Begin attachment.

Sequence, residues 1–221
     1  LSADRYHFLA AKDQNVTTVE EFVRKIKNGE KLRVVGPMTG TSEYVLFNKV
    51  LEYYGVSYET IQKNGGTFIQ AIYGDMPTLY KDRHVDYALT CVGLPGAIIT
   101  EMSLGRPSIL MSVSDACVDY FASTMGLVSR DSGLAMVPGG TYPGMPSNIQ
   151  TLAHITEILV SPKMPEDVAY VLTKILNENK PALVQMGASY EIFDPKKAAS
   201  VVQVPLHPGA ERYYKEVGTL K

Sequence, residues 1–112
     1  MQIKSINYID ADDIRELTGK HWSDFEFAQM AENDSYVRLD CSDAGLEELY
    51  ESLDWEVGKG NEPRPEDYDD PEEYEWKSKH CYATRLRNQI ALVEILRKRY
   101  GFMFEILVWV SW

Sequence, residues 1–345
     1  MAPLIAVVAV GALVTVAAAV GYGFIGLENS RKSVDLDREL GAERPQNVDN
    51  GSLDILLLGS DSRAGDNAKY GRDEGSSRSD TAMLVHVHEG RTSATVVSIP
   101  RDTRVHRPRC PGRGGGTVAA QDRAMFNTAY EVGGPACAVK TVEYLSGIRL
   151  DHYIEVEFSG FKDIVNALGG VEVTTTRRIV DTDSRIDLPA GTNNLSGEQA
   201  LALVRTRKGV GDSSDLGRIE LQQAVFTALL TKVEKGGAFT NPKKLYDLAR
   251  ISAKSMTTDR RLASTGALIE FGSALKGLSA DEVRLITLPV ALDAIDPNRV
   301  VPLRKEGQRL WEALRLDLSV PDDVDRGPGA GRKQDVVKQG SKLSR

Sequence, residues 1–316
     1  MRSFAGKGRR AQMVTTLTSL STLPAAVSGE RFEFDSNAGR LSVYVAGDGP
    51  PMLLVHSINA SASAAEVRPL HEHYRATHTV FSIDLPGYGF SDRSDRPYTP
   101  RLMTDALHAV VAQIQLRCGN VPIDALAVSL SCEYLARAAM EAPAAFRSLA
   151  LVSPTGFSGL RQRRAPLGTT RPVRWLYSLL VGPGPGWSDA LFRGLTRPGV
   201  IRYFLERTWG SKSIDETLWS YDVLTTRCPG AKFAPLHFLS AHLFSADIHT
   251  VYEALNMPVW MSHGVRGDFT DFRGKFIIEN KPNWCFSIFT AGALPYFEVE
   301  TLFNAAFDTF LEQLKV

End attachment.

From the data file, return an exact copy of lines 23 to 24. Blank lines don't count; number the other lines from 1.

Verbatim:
   151  LVSPTGFSGL RQRRAPLGTT RPVRWLYSLL VGPGPGWSDA LFRGLTRPGV
   201  IRYFLERTWG SKSIDETLWS YDVLTTRCPG AKFAPLHFLS AHLFSADIHT